Street Art in the Balkans

My mom was pretty shocked by the abundance of graffiti in the Balkans. Granted, there was a lot – and while many walls were covered in nothing more than teenagers’ signatures, I was fascinated by the content of a lot of the other street art. While walking the streets of Zagreb, Sarajevo, and Serbia, especially, I was reminded of an interview I did with Alexis Zimberg in October. Zimberg completed her Masters degree at Georgetown and wrote her thesis about street art in former Soviet countries; in the interview, she and I talked about the politics of street art in eastern Europe. I thought of something she said:

“Everybody has access to a marker or paint or a spray can, and they can write something on the walls. This makes it a very democratic art form and way of speaking. This means that people can say whatever they want – even if that person is racist or anti-Semitic or dislikes Putin or hates war. These people don’t always have a voice in mainstream media. Anytime there’s a power struggle that’s not getting an outlet, I think it come out in the streets.”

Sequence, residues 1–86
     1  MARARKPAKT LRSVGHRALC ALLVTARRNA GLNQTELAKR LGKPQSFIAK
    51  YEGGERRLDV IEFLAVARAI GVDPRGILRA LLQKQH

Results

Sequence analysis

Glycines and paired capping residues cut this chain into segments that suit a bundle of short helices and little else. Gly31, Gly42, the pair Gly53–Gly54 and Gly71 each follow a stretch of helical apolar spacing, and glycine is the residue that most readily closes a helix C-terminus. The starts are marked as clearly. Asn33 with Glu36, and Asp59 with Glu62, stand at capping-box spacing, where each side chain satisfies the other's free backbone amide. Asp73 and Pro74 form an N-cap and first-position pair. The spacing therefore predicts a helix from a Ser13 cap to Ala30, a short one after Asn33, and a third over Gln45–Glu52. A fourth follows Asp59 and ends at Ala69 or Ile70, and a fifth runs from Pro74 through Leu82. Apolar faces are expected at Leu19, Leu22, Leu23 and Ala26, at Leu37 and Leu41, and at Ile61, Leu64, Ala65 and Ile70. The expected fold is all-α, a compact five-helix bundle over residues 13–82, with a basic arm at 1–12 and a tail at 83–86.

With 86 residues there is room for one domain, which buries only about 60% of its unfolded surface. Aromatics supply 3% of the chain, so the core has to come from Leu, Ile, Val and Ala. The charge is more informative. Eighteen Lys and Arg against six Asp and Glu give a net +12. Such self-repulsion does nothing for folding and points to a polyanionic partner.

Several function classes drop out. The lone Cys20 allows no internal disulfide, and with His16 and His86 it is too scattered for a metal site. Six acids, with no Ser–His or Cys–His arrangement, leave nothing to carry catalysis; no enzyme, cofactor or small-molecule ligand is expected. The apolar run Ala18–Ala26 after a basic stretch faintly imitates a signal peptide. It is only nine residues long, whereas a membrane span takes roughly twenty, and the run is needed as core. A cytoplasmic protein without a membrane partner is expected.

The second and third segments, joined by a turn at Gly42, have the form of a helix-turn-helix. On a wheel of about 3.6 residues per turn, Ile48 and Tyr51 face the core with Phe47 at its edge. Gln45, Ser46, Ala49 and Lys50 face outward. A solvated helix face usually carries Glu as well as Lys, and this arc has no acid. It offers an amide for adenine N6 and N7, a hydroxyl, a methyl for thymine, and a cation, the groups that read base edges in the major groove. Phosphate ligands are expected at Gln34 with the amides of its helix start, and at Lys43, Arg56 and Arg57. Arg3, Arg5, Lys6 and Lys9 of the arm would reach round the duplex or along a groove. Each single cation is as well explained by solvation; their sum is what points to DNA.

Below I’ve added photos of some of my favorite graffiti, though I have many more examples – photographs of graffiti with messages that are political or incoherent or violent; beautiful drawings; messages in all kinds of languages and different alphabets; and examples of graffiti that has been drawn over, either by the state or by those who disapprove of the message.

In the United States, especially in a suburban context, graffiti gets a bad rap. Only thugs or hooligans take a can of spraypaint to the walls of a public space, people think. But it is much different in eastern Europe than in the United States; in eastern Europe, because of the different relationship between the people and the media, the push to reclaim public space and use street art as a form of political speech is often stronger.

(By the end of the trip, my mom acknowledged that there was a lot of street art – but she didn’t sound so upset to say so. This is great progress.)

anti nato

“Death to NATO, Fascism! Revolution!” Seen in Belgrade

people list
we'll never be artists sweet street art

beograd street art heroes 1994
kitty graffiti

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